Export compliance can sometimes feel like a jigsaw puzzle that keeps adding pieces faster than you can find out where they go. In recent years, these regulations continue to change and become more complex. (Just count the pages in the Federal Register notices. They keep piling up!) Now more than ever, it’s crucial to understand these rules and regulations, why they are important, who is enforcing them, and what are the consequences. Oftentimes, the answers to these questions only seem to lead to more questions.
Here are some ways the regulations are growing in complexity, and what you can do to stay ahead of the game.
Many different requirements
U.S. export control laws contain thousands of requirements and those requirements themselves are often complex. In fact, many can seem counterintuitive. For example, consider that exports can take the form of oral, written, electronic, or visual disclosure, shipment, transfer, or transmission. This can mean not only technology leaving the shores of the United States (including transfer to a US citizen abroad), but also transmitting the technology to an individual other than a US citizen or permanent resident within the United States. Is your head spinning yet?
That said, exporting is lucrative and can gain an organization access to 80% of the global market. Each year, billions of dollars in dual-use items (those with both commercial and military applications), as well as defense items, are exported from the United States. To protect its interests, the U.S. government controls the export of these items to a wide range of foreign destinations, end users and end uses. International trade compliance poses a significant challenge for global businesses, given the constantly changing regulatory landscape. The regulations and laws that govern trade controls are becoming increasingly complex and choosing to ship material around the world adds a layer of difficulty that can be daunting for some companies trying to figure them out. Selling to St. Petersburg, Florida is not the same as selling to St. Petersburg, Russia. The imposition of new large-scale sanctions (like the ones in Russia, for example) require vigilant monitoring.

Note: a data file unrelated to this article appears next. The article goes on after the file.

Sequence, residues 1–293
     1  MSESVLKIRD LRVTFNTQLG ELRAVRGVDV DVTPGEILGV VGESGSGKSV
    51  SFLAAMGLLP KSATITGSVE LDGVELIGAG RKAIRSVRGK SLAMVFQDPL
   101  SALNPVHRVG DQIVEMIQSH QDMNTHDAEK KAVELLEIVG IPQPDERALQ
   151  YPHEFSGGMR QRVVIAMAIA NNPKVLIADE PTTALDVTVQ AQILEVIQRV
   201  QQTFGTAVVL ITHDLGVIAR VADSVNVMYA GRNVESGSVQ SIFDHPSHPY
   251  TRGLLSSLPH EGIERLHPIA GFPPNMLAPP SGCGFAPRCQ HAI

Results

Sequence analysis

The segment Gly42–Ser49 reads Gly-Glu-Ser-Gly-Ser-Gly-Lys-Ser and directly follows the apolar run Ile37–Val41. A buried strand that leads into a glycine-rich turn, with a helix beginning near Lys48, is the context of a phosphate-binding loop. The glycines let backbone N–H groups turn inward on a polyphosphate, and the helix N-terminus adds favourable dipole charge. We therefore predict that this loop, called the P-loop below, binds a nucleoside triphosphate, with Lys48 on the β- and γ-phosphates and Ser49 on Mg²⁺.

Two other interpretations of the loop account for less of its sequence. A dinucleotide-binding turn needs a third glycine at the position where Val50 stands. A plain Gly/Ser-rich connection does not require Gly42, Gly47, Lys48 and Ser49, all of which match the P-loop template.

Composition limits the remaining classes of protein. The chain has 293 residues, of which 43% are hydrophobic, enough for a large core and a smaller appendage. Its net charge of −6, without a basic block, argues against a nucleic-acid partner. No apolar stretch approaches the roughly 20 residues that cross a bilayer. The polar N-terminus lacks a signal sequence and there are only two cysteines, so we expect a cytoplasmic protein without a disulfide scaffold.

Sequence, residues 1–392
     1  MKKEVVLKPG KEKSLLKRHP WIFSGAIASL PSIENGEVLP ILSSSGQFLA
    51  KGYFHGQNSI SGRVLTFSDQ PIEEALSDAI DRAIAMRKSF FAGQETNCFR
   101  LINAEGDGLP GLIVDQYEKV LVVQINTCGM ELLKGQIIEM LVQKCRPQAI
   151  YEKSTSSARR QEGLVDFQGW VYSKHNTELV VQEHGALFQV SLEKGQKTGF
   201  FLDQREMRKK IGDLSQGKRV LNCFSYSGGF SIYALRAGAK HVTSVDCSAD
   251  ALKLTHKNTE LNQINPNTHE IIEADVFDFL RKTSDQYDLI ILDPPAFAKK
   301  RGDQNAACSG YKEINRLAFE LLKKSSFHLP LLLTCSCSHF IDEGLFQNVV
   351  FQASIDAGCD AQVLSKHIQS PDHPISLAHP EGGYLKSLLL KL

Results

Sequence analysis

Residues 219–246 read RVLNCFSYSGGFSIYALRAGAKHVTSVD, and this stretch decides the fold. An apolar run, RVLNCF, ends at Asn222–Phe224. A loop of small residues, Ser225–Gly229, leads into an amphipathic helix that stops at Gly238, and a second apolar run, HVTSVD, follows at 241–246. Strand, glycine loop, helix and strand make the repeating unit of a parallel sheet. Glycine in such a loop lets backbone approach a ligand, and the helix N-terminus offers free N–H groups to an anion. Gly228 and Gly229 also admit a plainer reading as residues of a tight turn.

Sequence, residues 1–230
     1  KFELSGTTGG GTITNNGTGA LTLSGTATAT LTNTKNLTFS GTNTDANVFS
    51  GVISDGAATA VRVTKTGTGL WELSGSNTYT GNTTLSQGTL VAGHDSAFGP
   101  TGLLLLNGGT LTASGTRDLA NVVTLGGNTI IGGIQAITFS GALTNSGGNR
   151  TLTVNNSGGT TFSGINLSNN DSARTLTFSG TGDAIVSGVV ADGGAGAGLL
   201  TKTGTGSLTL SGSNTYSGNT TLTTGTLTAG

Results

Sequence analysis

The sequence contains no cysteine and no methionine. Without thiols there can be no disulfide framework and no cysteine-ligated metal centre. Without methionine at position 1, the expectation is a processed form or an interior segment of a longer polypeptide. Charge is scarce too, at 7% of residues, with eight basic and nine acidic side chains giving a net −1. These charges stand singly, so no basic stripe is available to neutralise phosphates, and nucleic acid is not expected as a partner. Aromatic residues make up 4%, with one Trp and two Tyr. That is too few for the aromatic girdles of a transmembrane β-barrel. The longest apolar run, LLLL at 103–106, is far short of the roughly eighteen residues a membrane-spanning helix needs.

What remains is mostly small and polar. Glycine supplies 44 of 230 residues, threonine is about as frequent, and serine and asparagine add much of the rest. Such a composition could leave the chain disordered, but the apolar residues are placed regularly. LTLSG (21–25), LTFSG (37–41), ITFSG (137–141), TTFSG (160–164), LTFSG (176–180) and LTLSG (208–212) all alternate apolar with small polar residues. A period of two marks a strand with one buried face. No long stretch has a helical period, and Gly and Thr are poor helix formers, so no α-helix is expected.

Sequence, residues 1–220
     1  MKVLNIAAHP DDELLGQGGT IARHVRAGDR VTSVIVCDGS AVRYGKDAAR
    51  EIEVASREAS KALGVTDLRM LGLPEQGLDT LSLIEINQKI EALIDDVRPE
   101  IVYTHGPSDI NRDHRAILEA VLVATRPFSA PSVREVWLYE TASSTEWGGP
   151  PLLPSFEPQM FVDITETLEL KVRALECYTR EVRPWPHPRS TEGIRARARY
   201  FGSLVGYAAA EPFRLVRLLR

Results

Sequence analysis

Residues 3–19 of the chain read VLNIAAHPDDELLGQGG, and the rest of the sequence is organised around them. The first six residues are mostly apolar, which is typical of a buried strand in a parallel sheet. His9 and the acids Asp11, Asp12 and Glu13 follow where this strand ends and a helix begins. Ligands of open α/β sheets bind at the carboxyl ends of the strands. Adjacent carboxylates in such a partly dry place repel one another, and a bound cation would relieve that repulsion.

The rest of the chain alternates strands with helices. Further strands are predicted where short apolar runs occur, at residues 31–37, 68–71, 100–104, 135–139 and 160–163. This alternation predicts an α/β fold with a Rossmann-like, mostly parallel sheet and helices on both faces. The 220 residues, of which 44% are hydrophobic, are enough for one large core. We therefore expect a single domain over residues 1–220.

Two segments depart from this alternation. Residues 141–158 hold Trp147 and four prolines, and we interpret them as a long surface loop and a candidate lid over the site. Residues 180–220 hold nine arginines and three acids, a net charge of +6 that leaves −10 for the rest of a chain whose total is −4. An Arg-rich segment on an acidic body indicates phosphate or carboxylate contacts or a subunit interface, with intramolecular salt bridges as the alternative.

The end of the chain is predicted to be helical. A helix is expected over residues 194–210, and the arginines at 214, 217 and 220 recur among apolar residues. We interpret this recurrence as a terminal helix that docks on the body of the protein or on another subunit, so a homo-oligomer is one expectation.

Change, change … change!
There is also an export control reform initiative in the U.S. that is rewriting and changing many export control regulations. This means a rapid evolution in the laws and regulations, usually resulting in more complexity and nuance. These regulations prohibit the unlicensed export of certain commodities or information for reasons of national security or trade protections, to advance foreign policy interests, prevent terrorism and the thwart the proliferation of weapons of mass destruction. They are also a tool to help preserve U.S. economic competitiveness.
With such complex regulations and sanctions, companies are trying to get a handle on where U.S. law and regulations come down on their organization and how to navigate the thorny questions of legality. International law continues to shape export expectations and the goal is to make sure stakeholders clearly understand the policies, market forces and societal implications.